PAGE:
Of iron and fire: the metals of Notre-Dame through the centuries


Research carried out over the past twenty years has shown that the Gothic cathedrals of the XNUMXthe century like Bourges, Chartres, Rouen or Troyes used iron as a building material. The great churches of the twelfthe century remain relatively unknown.

The fire of Notre-Dame de Paris revealed that the structure of the cathedral, erected from the 1160s, was also reinforced with numerous iron frames. Some of them, hidden in the stone or by the framework, were hitherto unknown.

The methodologies developed over more than twenty years and already tested on dozens of medieval buildings make it possible to question the iron constructions discovered at Notre-Dame in order to renew our knowledge of this building and ancient construction techniques, but also that of the economy of iron in medieval times.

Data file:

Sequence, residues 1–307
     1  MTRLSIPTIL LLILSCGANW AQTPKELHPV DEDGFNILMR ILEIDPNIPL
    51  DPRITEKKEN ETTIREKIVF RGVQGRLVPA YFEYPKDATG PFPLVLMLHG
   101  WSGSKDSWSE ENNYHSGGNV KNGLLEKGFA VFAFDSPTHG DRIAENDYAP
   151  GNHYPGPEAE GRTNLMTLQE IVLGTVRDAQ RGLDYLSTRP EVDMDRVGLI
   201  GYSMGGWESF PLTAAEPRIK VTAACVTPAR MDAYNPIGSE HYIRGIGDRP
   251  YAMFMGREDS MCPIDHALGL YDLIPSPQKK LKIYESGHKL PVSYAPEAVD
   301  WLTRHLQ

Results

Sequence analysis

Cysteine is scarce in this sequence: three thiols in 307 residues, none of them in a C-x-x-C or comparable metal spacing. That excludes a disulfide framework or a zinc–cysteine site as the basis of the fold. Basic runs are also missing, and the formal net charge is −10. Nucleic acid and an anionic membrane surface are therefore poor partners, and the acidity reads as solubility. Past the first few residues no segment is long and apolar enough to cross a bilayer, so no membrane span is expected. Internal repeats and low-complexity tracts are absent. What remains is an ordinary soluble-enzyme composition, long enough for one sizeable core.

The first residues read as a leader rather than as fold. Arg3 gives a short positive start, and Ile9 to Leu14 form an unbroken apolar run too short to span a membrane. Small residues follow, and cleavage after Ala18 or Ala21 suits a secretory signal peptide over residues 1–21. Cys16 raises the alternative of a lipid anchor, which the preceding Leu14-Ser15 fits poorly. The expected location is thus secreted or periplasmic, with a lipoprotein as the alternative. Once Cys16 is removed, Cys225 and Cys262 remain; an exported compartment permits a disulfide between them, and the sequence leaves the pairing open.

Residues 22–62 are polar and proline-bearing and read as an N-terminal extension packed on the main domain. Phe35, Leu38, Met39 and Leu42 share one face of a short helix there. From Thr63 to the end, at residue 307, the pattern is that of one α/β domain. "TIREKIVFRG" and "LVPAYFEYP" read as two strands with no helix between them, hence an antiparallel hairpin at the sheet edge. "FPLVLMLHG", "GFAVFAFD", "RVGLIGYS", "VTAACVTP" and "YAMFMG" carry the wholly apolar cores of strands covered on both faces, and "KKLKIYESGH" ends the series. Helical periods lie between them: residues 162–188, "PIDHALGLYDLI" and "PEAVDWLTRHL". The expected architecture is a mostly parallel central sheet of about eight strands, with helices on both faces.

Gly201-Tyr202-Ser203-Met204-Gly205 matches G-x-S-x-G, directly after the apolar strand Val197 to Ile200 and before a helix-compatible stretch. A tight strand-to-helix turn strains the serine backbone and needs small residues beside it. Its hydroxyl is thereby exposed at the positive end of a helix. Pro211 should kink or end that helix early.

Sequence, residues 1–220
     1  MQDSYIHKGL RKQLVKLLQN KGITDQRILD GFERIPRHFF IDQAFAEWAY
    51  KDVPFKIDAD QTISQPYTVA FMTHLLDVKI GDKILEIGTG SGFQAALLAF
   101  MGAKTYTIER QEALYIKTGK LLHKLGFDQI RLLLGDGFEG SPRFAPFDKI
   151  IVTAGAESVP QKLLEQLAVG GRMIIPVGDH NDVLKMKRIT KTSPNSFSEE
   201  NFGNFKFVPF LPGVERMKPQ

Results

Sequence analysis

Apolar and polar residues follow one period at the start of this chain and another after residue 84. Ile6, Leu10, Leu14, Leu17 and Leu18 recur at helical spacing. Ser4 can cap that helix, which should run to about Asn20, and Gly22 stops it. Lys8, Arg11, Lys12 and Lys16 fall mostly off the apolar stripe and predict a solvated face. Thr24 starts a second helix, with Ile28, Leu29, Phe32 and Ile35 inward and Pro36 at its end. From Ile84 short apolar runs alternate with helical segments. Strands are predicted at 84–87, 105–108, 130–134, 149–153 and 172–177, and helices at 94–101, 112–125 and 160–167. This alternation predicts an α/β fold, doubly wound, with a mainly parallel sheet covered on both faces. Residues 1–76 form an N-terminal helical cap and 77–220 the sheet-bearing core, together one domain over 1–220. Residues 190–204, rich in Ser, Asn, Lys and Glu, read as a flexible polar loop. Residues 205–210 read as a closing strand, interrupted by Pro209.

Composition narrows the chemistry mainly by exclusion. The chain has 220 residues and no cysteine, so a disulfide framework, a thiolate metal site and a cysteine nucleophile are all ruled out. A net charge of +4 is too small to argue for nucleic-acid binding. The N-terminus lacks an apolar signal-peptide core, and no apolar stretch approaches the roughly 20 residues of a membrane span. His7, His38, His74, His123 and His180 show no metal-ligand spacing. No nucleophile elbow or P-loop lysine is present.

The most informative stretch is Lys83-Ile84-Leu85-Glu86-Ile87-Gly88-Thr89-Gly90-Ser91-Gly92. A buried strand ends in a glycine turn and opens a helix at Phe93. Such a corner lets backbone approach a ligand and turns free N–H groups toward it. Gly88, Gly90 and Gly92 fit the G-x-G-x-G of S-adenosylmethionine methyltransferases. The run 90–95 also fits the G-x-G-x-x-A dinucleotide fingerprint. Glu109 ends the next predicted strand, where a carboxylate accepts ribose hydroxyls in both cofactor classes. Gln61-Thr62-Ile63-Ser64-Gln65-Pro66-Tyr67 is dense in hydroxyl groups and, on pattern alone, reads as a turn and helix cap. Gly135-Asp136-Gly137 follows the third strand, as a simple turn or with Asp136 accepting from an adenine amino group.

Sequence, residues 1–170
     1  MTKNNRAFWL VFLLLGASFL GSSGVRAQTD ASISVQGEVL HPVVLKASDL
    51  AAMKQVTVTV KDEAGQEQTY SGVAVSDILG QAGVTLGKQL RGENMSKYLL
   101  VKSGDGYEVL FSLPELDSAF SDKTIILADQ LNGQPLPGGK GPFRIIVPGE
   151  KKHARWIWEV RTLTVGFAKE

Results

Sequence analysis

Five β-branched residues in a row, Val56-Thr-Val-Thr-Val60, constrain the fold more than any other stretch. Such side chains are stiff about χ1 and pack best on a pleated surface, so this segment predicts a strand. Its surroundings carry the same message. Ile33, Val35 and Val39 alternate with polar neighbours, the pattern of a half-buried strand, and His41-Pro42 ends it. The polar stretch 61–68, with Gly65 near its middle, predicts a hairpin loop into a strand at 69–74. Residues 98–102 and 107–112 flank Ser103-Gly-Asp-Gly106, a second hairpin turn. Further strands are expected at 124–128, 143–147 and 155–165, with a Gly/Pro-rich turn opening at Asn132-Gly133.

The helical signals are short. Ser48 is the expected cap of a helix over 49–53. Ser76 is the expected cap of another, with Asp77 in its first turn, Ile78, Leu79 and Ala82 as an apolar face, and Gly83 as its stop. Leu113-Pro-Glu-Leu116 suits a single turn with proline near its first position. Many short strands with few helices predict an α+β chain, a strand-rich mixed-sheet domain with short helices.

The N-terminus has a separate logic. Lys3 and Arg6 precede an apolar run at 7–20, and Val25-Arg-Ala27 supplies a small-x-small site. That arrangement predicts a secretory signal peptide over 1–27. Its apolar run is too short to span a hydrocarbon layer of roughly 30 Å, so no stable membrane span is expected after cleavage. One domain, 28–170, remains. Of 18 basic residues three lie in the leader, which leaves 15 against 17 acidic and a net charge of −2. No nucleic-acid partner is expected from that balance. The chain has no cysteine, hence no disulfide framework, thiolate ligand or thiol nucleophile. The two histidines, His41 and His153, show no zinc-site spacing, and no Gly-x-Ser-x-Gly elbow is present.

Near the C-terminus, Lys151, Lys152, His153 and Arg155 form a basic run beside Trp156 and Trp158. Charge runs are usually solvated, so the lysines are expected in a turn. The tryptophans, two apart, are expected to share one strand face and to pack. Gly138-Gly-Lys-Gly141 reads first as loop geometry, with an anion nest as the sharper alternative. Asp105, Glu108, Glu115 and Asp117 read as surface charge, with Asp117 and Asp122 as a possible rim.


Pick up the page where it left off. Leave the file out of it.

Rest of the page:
Several dozen iron fittings, damaged by the fire or removed during restorations, can now be scrutinized under the eye of optical and electronic microscopes. These are both "staples" implemented in the masonry, in the stands, in the monolithic columns, and at the top of the walls under the burned frame, but also reinforcements linked to the frame itself. (nails of various sizes, keyed and bolted rods) which testify to restorations over the centuries.

Iron part visible within the stones of Notre-Dame de Paris
Iron chaining system installed by Lassus in 1846 encircling the eastern parts of the building (choir and east transept).
Maxime L'Héritier, Provided by the author

The microstructures of these metallic elements contain part of the history of Notre-Dame de Paris and its site, which today are explored by archaeologists, chemists and archaeometers - specialists in the physico-chemical analysis of ancient materials, gathered within the Metal working group du Notre-Dame scientific site.